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Review: 'I Am Breathing' celebrates death with dignity

'I Am Breathing' chronicles the last days of Neil Platt, a resilient father who struggles to leave lasting memories for his young son.

September 12, 2013|By Annlee Ellingson
  • A scene from "I Am Breathing."
A scene from "I Am Breathing." (Handout )

Breathing is at the center of "I Am Breathing," Emma Davie and Morag McKinnon's documentary about the final days of an English architect named Neil Platt. The 34-year-old father and all around good bloke was diagnosed with Motor Neuron Disease (MND), what's known as Lou Gehrig's in the United States, a progressive and fatal malady marked by the degeneration of the neurons charged with muscle control.

By the time we meet Neil, he's paralyzed from the neck down. He can still speak and swallow, but he relies on a ventilator to breathe, and the loud, rhythmic mechanical apparatus serves as the constant soundtrack to the film.

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Part impressionistic abstract of his day-to-day experience merging with idyllic memories, part letter to his toddler son Oscar, "Breathing" takes its humorous, contemplative tonal cues from Neil himself — revealing his prognosis, for example, through a funny yet poignant anecdote about trying to cancel his phone contract because, well, he's dying. The narrative fills out his background through the blog he writes with defective voice-recognition software and home movies he narrates for his boy.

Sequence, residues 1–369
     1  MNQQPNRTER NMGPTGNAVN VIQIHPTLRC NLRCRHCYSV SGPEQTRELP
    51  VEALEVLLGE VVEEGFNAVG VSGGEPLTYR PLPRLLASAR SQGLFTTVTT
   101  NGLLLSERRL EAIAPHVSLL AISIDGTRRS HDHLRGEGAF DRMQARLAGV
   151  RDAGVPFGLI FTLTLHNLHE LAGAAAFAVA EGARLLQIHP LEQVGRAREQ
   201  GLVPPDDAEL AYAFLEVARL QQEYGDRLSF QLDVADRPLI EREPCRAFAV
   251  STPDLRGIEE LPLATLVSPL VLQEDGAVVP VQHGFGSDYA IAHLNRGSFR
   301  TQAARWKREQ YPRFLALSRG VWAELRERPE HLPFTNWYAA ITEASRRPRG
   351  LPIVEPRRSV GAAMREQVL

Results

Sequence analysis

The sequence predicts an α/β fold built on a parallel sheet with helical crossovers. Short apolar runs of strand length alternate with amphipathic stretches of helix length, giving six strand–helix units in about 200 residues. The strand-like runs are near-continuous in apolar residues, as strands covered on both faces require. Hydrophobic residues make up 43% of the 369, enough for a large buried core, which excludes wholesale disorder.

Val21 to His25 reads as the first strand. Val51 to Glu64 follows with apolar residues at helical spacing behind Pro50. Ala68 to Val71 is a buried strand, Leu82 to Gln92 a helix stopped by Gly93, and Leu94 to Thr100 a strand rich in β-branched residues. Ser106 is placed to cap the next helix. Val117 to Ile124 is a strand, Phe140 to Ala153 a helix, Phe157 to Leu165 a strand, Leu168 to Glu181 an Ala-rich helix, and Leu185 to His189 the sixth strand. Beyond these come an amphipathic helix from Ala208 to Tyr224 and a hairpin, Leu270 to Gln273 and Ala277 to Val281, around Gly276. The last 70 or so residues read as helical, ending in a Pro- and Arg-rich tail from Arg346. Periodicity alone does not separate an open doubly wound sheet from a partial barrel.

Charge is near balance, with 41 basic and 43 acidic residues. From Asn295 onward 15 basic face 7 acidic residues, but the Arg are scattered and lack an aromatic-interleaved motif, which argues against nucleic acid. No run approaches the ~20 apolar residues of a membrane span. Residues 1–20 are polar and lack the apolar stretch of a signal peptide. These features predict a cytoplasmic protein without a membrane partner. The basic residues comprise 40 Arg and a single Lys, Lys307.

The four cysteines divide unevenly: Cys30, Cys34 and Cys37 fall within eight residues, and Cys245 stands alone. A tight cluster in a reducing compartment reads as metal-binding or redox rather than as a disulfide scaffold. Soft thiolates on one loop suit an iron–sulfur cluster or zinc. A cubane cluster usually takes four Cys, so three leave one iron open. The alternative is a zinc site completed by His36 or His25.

The film leaves out some nagging logistical questions, like how much Neil's home care costs and whether there's also a financial burden adding to the familial strain. (His wife Louise, it should be acknowledged, is unflaggingly patient, kind and devoted — or at least she's portrayed that way.) But Davie and McKinnon make a smart and devastating choice to introduce the fact that Neil's MND is genetic and then cut to his exuberant son — letting the implication sink in.


"I Am Breathing"

MPAA rating: None

Running time: 1 hour, 13 minutes

Playing: Laemmle Music Hall, Beverly Hills


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